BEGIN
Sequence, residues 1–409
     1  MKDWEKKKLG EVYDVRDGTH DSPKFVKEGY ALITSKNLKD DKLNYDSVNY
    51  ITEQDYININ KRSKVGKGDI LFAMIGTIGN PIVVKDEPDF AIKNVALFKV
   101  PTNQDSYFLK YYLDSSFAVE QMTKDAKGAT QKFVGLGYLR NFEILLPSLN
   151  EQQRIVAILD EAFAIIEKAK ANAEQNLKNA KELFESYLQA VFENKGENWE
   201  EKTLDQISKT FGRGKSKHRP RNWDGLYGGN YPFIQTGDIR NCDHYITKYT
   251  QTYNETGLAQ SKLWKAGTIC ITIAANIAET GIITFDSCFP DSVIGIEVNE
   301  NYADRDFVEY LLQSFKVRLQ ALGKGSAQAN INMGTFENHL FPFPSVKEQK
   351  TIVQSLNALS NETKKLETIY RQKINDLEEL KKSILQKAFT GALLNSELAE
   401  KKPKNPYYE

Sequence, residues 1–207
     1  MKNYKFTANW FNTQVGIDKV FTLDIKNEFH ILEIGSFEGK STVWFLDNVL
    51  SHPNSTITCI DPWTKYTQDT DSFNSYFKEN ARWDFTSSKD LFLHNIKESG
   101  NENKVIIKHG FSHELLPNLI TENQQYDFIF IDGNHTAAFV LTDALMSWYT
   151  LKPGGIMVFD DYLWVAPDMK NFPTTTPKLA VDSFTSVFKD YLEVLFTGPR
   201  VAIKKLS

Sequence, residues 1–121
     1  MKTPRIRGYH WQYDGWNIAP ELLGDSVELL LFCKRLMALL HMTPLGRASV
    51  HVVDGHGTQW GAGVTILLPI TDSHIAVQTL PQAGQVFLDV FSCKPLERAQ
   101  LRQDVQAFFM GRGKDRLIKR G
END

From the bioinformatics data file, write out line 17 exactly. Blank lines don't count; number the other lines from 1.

Sequence, residues 1–121